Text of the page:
NEW DELHI: Nearly 250kms of railway lines, spread across different regions, have been been identified to be posing a high degree of threat to tigers and other wildlife in the country, the National Tiger Conservation Authority (NTCA) informed the railway ministry last month. In addition to this, 86 km of railway lines are also posing a threat to tiger corridors that connect and sustain tiger population between two or more national parks, the NTCA stressed.
NTCA’s meeting with the Railway Ministry comes in the backdrop of steady instances of tiger and wildlife fatalities on railway tracks. Besides tigers, elephants, leopards, bears and even crocodiles get killed on railway tracks.
Most tiger deaths on railway tracks were largely concentrated in Madhya Pradesh, where at least four tigers have been run over by trains till now since December 2016. In fact, two of them were killed in the same section between Budhni and Mid-Ghat area of Sehore district, passing through the Ratapani sanctuary near Bhopal, that is soon slated to be a tiger reserve. A 12 km section of the Itarsi-Betul railway passes through the sanctuary.
In Madhya Pradesh, 34 km long section of the Katni-Singrauli line passes through the Sanjay Dubri national park, which is also sensitive for wildlife. Besides Madhya Pradesh, the NTCA informed railway officials that the 29 km line inside Rajaji National Park, 47 km line inside Dudhwa national park; 12.5 km line cutting through Buxa tiger reserve in Bengal and 27 km line passing through Bhadra tiger reserve in Karnataka are some of the most sensitive routes for wildlife.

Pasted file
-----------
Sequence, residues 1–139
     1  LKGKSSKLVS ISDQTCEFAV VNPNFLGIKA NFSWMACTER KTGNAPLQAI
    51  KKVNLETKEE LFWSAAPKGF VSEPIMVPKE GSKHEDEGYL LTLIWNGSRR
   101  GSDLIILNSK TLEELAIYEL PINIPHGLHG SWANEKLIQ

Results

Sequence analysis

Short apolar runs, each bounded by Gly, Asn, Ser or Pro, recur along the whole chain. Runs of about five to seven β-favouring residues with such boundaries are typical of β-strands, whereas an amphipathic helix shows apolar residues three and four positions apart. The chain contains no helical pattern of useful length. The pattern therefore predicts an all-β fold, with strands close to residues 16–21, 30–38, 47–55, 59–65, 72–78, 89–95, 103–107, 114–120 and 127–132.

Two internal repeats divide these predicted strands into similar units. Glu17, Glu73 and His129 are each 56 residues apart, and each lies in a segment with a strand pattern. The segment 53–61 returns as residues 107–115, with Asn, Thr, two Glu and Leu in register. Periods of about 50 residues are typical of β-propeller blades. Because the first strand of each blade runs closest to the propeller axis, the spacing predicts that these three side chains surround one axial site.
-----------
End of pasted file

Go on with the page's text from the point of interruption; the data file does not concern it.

Even as the NTCA briefed the railway officials about the threats to wildlife, the environment ministry recently cleared the conversion of the 176 km Akola-Khandwa railway line from metre gauge to broad gauge, of which 18 km passes through the heart of Melghat tiger reserve. The NTCA had opposed the route passing through the core of Melghat and suggested that an alternate route be taken, but the National Board for Wildlife under former environment minister late Anil Dave, cleared it.
“The tiger corridors are getting fragmented by the day, especially because of linear infrastructure such as railway tracks, highways and power lines. If we cannot avoid the projects, we have to take measures to ensure their safe passage,” said an NTCA official on the condition of anonymity.
DNA had reported last month that railway minister Suresh Prabhu had called a meeting of top officials from environment ministry in April and sought identification of such spots to prevent wildlife deaths on railway tracks.
Subsequently, the environment ministry had shot off a letter to all state forest departments, seeking their co-operation in identifying the most vulnerable spots on railway tracks for wildlife.